When ‘res ipsa loquitur’ works: real cases overview

medical malpactice casesRes ipsa loquitur doctrine is hard to base the arguments on in the court, and according to the polls among medical negligence solicitors, only 19% consider that using the doctrine is a reasonable in medical negligence practice. Nevertheless, there are cases when the plaintiff inflicted such damage that shows undeniable malpractice. In the case against the Voice of Cambridge Area Health Authority a patient suffered a brain injury due to the fact that he had a heart attack when he was under general anesthesia. The Court concluded that this was not supposed to happen under the described circumstances, and that therefore the accused had to provide an explanation of what happened that would prove the absence of criminal negligence in his actions.

The Canadian case of McDonald v. York County Hospital gives us the following example. In this case, the plaintiff was taken to hospital for treatment of ankle fracture and he went out of the hospital with an amputated leg. All the prerequisites of res ipsa loquitur doctrine were there: usually in such circumstances the patient does not lose his leg until clinical negligence takes place. The plaintiff could not explain what had happened and the accused could not explain it and the plaintiff have a doctor whose criminal negligence led to this injury.

clinical malpactice casesThe case of MacDonald reminds the case of Cassidy v. Ministry of Health in which the complainant admitted to the hospital for an operation to recover from a contracture of two fingers and left the hospital with four fingers. Jenning, the judge, found the complaint reasonable and according to him plaintiff had every right to say, ‘I went to the hospital to get cured and now I am unable to use one hand because of 4 fingers contractured instead of 2, and this would not have happened if I had been treated properly’. Although the principle of res ipsa loquitur does not automatically apply, there are several examples of ‘swabs affairs’, where this doctrine has been successfully applied.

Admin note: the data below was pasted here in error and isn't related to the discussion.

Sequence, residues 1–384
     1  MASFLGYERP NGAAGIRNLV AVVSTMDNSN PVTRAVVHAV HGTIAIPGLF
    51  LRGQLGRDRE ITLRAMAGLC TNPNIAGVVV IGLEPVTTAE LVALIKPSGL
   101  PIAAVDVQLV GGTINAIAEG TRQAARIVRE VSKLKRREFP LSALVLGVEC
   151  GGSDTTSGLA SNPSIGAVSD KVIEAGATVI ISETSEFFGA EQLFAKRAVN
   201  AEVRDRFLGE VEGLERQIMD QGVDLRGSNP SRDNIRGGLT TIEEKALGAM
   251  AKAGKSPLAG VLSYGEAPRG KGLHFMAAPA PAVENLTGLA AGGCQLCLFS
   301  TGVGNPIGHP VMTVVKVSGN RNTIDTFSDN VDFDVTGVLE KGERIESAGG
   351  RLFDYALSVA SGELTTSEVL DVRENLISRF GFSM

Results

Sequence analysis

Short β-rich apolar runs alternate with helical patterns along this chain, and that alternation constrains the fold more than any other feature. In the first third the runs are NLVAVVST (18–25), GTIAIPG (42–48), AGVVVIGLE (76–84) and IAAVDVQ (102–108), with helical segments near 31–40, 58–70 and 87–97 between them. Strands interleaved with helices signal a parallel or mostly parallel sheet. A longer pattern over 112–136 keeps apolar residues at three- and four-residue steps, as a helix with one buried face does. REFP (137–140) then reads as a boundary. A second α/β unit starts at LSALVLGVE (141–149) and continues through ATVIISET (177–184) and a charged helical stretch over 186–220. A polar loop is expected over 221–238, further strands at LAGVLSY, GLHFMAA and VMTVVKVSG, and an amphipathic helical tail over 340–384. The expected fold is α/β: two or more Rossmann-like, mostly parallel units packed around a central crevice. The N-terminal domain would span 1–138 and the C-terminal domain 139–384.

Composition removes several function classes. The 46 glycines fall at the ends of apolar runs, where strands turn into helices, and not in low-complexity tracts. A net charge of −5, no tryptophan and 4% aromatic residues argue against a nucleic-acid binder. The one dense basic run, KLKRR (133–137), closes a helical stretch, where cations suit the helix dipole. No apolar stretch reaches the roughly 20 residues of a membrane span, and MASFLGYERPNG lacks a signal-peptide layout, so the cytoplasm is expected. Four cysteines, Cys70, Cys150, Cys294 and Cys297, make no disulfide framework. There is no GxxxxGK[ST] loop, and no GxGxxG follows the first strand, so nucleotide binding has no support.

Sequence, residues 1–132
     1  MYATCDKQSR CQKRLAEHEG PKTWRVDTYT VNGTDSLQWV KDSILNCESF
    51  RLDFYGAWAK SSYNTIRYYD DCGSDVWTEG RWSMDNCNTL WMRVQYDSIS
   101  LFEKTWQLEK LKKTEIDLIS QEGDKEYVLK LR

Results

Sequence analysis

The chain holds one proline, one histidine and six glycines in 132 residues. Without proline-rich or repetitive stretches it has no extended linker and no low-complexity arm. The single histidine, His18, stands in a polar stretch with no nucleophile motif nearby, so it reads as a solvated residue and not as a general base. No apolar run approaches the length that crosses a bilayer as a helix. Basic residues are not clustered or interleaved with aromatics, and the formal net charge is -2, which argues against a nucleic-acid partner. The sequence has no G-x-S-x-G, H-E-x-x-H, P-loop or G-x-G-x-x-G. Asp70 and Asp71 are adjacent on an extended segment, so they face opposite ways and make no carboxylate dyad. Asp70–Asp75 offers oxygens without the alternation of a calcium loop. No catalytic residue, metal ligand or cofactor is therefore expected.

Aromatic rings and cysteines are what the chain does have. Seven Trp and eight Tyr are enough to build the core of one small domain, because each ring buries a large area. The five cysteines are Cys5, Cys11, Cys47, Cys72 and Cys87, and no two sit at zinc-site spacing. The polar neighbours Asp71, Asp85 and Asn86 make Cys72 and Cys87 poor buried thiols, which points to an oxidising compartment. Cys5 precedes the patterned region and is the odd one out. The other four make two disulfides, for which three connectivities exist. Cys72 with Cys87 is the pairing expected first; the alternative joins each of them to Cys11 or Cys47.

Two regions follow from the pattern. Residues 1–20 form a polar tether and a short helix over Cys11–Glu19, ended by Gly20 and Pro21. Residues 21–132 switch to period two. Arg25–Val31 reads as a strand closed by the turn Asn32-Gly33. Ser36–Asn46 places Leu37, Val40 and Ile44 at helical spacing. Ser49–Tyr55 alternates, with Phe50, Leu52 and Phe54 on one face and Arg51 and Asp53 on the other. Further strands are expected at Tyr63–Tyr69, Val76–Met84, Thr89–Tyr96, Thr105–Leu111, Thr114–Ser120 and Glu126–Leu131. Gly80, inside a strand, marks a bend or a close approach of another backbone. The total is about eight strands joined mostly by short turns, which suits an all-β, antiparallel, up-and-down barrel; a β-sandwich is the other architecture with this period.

In the case of Mahon v. Osborne the court decided that the patient could not know anything about how to use tampons during the operation and that it is therefore the surgeon should have perform the duty to make sure that after the operation no sponges were left in the body of the patient. Criminal liability does not preclude the possibility of bringing a civil action to the doctor. In most countries, doctors and hospitals are subjected to civil responsibility, and the patient or his legal representative in court impose pecuniary claim to the institution/doctor for the damage caused to health. The majority of claims in respect of damage caused to the patient are submitted to the civil courts because often there is no agreement between the doctor and the patient. In this regard, the patient files a civil suit against the clinic. This occurs not only in governmental, but also in private clinic cases. However, in the private sector, on the other hand, contractual relationships are oftentimes practised, hence it is possible to sue a doctor or clinic for damages under the contract.